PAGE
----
A question that often comes up when our technicians are inspecting attics in relationship to roof evaluation; is “how does the insulation look?…. Do we need more?…. Do we need more roof vents?”
All are very good questions. Today; homeowners should think about their roof and attic as a system, which inter-relates with other key building components.
The roof involves a water-shedding or water-proofing system. The attic beneath the roof represents an important area of the home which is in great part responsible for the comfort level and moisture resistance of the home.
First to understand is that a properly insulated attic will greatly reduce heating and cooling costs, and can dramatically reduce the amount of energy consumed to accomplish these tasks.
The second part of the equation is to have a dry attic environment free from condensation and the possibility of creating mould. A well-insulated attic in conjunction with proper air sealing methods, and proper ventilation; will also help to mitigate such perils as ice damming during freeze-thaw cycles experienced in cold winters.
One of the ways to identify whether a home requires added insulation in the attic or other areas of the home results from simple inspection and testing.
Symptoms can be cold rooms on the top floor during winter months, and conversely, rooms that are hard to cool in the summer. Ice damming can be another symptom.
When looking into the attic, observe whether insulation levels meet the top of the ceiling rafters, or if insulation levels are below the height of the ceiling rafters. This signals inadequate insulation levels by today’s code standards. As of this writing; building code standards require an R-value of 52 in ceilings. Some insulation experts suggest that R-60 is more ideal. R-value is a measure of thermal resistance that insulation has.
If your home is more than twenty years old; it is important to identify if the existing ceiling insulation is vermiculite. Such insulation has been banned as it contains asbestos fibres. It is typically a type of loose-fill insulation in appearance, as opposed to fibreglass batt insulation. If vermiculite is present, it should be abated by a professional contractor.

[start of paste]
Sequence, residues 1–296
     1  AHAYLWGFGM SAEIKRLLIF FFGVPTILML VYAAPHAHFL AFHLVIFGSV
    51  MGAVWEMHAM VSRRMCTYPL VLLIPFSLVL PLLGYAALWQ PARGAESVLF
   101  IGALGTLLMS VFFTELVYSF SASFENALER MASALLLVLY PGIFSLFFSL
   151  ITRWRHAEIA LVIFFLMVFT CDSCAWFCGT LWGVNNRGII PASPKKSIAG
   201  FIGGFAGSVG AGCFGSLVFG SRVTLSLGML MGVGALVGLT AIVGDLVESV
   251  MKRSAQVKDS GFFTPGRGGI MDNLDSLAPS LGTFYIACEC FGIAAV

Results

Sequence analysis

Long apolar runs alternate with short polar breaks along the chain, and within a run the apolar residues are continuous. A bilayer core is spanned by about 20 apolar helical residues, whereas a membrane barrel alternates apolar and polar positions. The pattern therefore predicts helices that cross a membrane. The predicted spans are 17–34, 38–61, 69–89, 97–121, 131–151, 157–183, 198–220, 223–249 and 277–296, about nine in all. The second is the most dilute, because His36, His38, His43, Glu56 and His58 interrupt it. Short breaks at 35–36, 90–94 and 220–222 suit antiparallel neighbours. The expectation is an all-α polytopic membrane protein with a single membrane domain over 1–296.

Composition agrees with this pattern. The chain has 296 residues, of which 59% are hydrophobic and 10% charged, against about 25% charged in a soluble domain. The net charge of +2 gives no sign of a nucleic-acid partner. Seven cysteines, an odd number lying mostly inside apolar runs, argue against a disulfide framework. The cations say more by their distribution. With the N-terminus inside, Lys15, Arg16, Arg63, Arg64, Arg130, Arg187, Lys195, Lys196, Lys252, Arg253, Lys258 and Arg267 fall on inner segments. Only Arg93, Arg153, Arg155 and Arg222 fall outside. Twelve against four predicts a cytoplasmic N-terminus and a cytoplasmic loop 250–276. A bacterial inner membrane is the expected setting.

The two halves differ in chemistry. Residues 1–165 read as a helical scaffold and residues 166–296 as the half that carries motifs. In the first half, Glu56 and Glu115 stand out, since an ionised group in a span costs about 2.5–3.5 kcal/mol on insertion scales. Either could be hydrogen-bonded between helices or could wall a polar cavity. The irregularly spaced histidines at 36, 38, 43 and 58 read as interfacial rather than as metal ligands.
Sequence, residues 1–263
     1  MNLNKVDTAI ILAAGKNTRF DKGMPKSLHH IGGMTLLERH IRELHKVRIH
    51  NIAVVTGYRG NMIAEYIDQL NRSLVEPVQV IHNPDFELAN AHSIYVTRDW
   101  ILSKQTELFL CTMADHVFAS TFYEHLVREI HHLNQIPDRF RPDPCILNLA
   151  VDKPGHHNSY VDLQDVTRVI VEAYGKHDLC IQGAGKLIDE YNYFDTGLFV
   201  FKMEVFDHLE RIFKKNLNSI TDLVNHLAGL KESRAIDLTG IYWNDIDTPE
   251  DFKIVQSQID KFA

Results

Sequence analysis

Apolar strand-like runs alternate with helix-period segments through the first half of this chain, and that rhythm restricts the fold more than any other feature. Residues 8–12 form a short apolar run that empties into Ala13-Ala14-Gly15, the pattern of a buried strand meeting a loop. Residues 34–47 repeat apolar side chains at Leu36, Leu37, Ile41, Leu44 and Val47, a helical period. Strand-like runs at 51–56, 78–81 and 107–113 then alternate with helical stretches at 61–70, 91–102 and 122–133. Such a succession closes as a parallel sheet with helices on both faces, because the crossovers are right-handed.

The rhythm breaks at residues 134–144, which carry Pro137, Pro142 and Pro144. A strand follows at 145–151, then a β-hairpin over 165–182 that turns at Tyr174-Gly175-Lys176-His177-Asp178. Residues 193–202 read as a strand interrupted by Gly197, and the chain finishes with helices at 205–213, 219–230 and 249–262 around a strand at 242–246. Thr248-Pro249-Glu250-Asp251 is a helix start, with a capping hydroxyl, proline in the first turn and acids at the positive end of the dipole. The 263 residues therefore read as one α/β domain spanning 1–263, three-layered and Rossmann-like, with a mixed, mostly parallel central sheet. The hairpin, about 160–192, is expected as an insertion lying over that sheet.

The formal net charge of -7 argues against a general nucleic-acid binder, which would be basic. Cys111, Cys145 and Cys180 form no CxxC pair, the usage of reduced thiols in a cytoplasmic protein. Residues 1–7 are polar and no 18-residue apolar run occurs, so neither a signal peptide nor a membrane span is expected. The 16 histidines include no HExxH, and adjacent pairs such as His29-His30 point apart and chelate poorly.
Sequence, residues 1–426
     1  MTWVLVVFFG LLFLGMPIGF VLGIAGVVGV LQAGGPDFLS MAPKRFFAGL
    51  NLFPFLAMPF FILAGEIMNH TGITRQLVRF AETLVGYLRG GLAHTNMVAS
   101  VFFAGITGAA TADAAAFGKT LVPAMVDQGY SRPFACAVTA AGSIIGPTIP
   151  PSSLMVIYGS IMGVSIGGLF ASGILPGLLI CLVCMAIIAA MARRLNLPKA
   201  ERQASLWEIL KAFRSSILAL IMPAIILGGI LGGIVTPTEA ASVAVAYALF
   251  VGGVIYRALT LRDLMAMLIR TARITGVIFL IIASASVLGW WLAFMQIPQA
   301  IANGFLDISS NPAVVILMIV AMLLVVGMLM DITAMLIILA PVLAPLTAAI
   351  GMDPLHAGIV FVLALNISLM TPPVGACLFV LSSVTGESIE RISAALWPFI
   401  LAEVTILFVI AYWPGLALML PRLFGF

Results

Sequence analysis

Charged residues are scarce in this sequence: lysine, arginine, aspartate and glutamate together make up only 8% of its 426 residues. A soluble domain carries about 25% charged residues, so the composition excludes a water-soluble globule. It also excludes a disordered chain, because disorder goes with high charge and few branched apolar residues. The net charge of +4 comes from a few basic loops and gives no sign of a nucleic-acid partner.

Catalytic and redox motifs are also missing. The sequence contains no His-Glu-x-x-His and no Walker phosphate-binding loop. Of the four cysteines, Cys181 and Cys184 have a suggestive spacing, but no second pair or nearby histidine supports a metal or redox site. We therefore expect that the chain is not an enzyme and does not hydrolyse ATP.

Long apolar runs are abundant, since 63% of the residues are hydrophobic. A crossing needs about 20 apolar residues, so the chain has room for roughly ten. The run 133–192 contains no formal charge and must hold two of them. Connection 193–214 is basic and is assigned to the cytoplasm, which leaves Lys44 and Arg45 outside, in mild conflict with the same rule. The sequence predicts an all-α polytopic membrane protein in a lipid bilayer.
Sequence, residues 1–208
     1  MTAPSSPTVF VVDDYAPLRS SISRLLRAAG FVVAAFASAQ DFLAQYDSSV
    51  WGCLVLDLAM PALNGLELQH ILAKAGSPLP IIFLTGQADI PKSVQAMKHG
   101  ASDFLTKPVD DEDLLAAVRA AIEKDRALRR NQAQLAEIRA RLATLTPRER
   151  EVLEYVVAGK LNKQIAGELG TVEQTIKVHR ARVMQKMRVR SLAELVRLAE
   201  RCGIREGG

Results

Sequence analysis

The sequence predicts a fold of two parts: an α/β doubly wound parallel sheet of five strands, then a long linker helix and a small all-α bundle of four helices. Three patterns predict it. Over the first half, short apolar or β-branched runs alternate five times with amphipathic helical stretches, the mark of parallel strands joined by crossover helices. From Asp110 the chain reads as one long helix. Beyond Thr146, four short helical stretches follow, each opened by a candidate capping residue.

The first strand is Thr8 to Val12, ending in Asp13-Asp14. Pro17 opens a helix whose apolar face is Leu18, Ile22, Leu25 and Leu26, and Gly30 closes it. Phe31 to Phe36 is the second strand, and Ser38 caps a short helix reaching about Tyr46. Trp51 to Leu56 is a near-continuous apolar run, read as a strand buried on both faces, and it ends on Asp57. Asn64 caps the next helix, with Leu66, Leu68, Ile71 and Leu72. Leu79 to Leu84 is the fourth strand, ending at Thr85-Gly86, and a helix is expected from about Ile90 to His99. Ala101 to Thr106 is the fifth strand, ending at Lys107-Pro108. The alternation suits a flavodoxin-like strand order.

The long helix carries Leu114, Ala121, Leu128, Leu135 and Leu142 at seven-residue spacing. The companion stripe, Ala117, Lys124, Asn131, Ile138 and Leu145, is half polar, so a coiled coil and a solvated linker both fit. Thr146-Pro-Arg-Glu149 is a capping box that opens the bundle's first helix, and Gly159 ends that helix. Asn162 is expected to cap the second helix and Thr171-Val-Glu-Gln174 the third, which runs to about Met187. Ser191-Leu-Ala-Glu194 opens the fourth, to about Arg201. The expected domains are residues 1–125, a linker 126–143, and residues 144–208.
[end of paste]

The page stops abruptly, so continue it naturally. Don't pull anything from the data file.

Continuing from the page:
The other checkpoints when surveying the attic include checking for areas of heat loss. Such areas include around electrical fixture penetrations, the top plates of framed walls where they adjoin roof trusses /rafters, attic hatches, and protrusions through the roof. Examples of protrusions can be round pipes exiting through larger square openings.
To address such air leakage points; spray foam sealing, and or caulking can help to remedy such items, and should form part of a comprehensive insulation strategy. Preventing points of air leaks serve to mitigate cold exterior air from colliding with warm interior attic air, which can result in condensation.
Related Content: Attic Ventilation and Its Importance
Also to identify when conducting an inspection of the attic is the presence of a vapour barrier that is correctly sealed and is void of any breaches. Some older homes do not have a poly vapour barrier in the ceiling. In some instances it is possible to instate a vapour barrier into the attic, to be continuously installed into and over rafter spaces; however, a more efficient approach can involve the use of two-part spray foam insulation sprayed into the rafter spaces. Additional insulation can then be added. Spray foam insulation does not typically require a vapour barrier as the foam becomes monolithic.